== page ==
What Are WhatsApp Scams? Protect Yourself from Fraudsters

What Are WhatsApp Scams? Protect Yourself from Fraudsters
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What Are WhatsApp Scams? Protect Yourself from Fraudsters

Emily Long
January 4, 2020

Like many social media and messaging services, WhatsApp is a convenient way to keep in touch with friends and family. But it also comes with certain risks: Scammers are using the platform to trick users into giving up sensitive information or to interfere with communication.

What are WhatsApp scams?

There are several WhatsApp scams out there—and while each looks a bit different, the end goal is the same. Scammers generally are looking to steal personal information or make money by getting you to click a link, sending you a virus, or somehow engage with their message.

“With more than a billion people using WhatsApp, it is not surprising that it has become attractive to scammers seeking to use its popularity to lure people into becoming scam victims,” said Steve Weisman, a lawyer, cybersecurity expert, and founder of Scamicide.com.

Facebook has owned WhatsApp since 2014, but scams and hoaxes are nothing new to the platform. The company reported in 2012 that fake chain mail-style messages were floating around among users, and scams and security vulnerabilities continue to be discovered.

How do WhatsApp scams work?

Many WhatsApp scams work like phishing attacks—you get a message that prompts you to click a link that downloads malware or takes you to a spoofed website to enter personal information. But there are a number of other ways bad actors use WhatsApp. Here are some ways WhatsApp scams can work.

  • Spoofed messages from friends. Scammers send links that look like they’re coming from friends or contacts you know so you’re more likely to trust them. Once you click, you automatically download malware to your device, which may send sensitive information back to the perpetrators.
  • Heineken free beer scam. Free beer sounds great, right? In this scam, bad actors pretending to represent Heineken sent messages to WhatsApp users promising four barrels of free beer in honor of the company’s 140th anniversary. Scammers directed victims to a fake website where they filled out a survey and were prompted to share the message with 20 friends. The scammers were after users’ personal information.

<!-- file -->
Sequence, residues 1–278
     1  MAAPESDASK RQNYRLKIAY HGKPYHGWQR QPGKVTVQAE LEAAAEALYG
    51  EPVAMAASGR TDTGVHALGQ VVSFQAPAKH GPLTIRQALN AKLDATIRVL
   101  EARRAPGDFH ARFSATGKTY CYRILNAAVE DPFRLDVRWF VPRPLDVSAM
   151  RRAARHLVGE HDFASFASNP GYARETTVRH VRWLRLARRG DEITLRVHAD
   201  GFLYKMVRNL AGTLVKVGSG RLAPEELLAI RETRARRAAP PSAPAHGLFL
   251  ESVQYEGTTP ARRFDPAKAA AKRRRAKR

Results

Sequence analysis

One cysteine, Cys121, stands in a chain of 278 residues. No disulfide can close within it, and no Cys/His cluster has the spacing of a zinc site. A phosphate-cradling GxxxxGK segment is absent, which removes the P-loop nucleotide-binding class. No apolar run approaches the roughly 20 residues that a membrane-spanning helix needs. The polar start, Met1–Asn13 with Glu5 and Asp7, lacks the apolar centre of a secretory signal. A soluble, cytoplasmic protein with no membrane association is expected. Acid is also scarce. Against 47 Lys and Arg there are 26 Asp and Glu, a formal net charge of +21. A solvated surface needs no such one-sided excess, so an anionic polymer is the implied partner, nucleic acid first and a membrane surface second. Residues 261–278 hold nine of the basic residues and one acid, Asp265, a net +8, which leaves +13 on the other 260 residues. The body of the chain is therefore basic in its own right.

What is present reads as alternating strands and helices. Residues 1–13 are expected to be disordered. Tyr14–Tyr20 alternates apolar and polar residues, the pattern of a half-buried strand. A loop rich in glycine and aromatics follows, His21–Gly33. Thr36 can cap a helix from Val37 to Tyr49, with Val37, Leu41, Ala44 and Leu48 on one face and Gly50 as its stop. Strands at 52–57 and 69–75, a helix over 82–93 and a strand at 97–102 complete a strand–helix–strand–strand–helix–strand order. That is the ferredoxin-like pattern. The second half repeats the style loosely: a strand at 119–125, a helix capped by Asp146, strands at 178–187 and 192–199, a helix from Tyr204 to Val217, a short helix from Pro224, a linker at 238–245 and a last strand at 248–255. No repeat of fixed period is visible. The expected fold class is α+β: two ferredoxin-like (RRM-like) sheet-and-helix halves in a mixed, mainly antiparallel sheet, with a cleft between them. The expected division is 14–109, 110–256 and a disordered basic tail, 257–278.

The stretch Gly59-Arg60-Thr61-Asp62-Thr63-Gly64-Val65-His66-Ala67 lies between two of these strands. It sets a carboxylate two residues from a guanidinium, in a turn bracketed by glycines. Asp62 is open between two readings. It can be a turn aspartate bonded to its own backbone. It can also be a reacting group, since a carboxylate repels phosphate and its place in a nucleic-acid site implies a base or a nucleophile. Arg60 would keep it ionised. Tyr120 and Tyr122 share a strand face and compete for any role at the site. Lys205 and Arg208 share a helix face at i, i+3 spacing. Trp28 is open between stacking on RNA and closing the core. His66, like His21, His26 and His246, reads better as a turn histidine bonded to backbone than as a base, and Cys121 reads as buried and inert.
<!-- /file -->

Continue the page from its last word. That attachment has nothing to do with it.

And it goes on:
• Group chat crash. In December 2019, criminals used a WhatsApp security flaw to infiltrate and crash group chats. This forced users to reinstall the app and delete the group and all its messages.
  • Phone call scam. Another WhatsApp vulnerability, reported in May 2019, would have allowed hackers to send malicious code via voice calls made to WhatsApp accounts. Users didn’t even need to answer the calls to fall victim.
  • Account takeover. In this scam, bad actors tricked victims into sharing WhatsApp verification codes with supposed friends. The scammers then took control of those accounts and locked users out.
  • General phishing scams. Bad actors may use romance scams, work from home (employment) scams, or fake investment opportunities to get your attention on Whatsapp.

How can I protect myself from WhatsApp scams?

You aren’t destined to fall victim to a WhatsApp scam (or any other online scam). To try and continue using the service safely and securely, there are a few key steps to follow.

First, never click on a link sent via WhatsApp. Links from scammers may prompt you to download malware to your device, which can log keystrokes or send personal information back to criminals looking to steal your identity. No link is an exception to this rule, according to Weisman.

“Even if the link is contained in a communication that appears to come from a person or company you trust, you should always verify that it is legitimate before clicking on the link,” he said.

If you do get a message containing a link you believe could be real—or a message about a giveaway—go directly to the company’s website to determine if it’s legitimate. A fake link could take you to a spoofed page that looks very real, but if you type a web address directly into your browser or google the company name, you’re less likely to land on a scam site.

Another important step is to use a reverse phone or email search service to potentially try and ascertain if the sender is who they say they are—especially if the message comes off as pushy, urgent or contains information that seems too good to be true. The sender may claim to be a friend or family member or from a company you do business with, but it could be a scammer.

If you are getting messages from senders you don’t know or trust, you can block them and report the contact as spam within WhatsApp.

Finally, keep your apps up to date. Don’t ignore software updates, as these often patch security holes and minimize vulnerabilities that lead to scams. Better yet, enable automatic updates for apps so you don’t miss a beat.

Disclaimer: The above is solely intended for informational purposes and in no way constitutes legal advice or specific recommendations.